Published on Wednesday, 30 November -0001 00:00
As glamorous as being a farm vet is (chuckle), there is one duty in particular that we perform on a daily basis that invariably gets either a gasp or a snicker (depending on their personality) from every first-timer witnessing the job. We begin by reaching into a plastic bag containing what look like plastic gloves, except that as the glove is being pulled out of the bag, it seems never-ending. At the end of a very long pull from the bag, the first-timer's eyebrows rise upon realization that what the vet has produced from the bag is no ordinary plastic glove... it is an entire plastic sleeve with a hand on the end. As the vet reaches deeply into this beast of a glove, fingers wiggling for placement on one end and shoulder disappearing into the other, the first-timers usually cannot mask the look of horror on their faces as their minds engage in an internal struggle between what their eyes are telling them might be about to happen, and what their natural instincts are telling them: "There's no way he's really going to do that."
The eyes begin to overrule the natural instincts as the vet approaches the backside of the cow, ceremoniously adjusting the fingers and shoulder of "the sleeve," and with a simple lift of the tail, the newbie's mind concedes to what his eyes were saying: "He is actually doing this." Before the first-timer can retrieve his lower jaw from the floor of the barn, the vet is demonstrating just why that glove extends the entire length of the arm: the vet has now entered what has been coined "the darkest place on Earth"... he is shoulder-deep in the rectum of a cow. After a suspenseful moment of contemplation and feeling around, the vet declares either "pregnant" or "open," reclaiming his arm, much smellier and dirtier than it was only a moment before.
Why would anyone want this done to his cow, and why would anyone who went to college for eight years agree to do it? Well, because most people who have cattle want them to be pregnant, either in order to produce milk, calves, or both, and we can actually tell by feel or ultrasound as early as 28 days after breeding whether the cow is pregnant or not, because the uterus containing the pregnancy lies right below where the hand is in the rectum and can be assessed by a trained hand since the animal is large, and we are relatively small. The same is true for horses, except that their pregnancies can be detected as early as 17 days. Besides all that, in the winter it's a warm place to put your arm.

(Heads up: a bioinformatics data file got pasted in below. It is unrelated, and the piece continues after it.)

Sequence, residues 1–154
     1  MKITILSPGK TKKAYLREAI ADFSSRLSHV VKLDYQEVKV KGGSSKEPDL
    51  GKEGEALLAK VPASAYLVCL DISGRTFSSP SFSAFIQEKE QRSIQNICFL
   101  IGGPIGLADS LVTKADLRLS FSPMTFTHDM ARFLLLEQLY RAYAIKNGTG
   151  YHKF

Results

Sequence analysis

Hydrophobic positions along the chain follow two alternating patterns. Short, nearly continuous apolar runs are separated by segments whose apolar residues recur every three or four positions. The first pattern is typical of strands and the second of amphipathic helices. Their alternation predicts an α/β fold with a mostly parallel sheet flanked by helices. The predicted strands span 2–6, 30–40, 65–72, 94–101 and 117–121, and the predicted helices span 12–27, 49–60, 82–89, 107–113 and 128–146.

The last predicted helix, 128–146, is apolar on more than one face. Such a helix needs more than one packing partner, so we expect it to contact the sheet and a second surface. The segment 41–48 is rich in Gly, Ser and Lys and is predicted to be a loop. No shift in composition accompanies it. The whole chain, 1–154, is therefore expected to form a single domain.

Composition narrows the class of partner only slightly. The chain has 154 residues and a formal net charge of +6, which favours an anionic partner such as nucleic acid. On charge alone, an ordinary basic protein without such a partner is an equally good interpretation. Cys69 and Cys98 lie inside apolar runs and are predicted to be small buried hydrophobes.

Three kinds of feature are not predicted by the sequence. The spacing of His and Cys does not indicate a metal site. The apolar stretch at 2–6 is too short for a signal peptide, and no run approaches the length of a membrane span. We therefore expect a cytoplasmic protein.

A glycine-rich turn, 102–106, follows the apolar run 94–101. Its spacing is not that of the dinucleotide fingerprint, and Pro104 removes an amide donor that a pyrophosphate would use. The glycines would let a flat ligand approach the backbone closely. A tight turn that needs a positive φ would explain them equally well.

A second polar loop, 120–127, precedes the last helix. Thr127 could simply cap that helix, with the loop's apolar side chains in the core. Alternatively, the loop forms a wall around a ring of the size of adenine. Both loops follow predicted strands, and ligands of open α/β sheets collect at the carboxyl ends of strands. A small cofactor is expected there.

So we do this every day, and it really is no big deal to the vet, the farmer, or the cow (other than an occasional lazy glance over the shoulder accompanied by a "moo.") And as a one-time newbie myself, it has been fun to see how fast I can get while maintaining accuracy, since most farms have many cows to check each time the vet is out. So I really wanted to demonstrate my pregnancy-checking prowess to my co-worker's family when they had me out to see if their beef cows were pregnant. Her dad and brothers were chasing cows through a chute, and my only focus was like that slogan from some company I can't remember: "Get in, get out, get on with your life." One after another, I would reach into "the darkest place on Earth" giving them the "stinky pinkie," and as quickly as I had my answer, declare them pregnant or open. Finally I got to one animal that took me a minute to figure out, because something just didn't feel quite right. Here I am in front of a bunch of guys, not to mention they were my co-worker's family, and my plan of showing them the fastest preg-checker they had ever seen was being held up by this one animal.
Finally I said something to the effect of: "She's open, but something doesn't feel right in there." Looking up, thinking I just gave them some valuable information in regard to future breeding prospects with this animal, I noticed them all looking at each other with unexplainable grins considering the news I had just delivered, until one spoke up and said: "You just preg-checked the bull!" I'll probably never live it down, but I try making myself feel better by thinking "At least you didn't call him pregnant."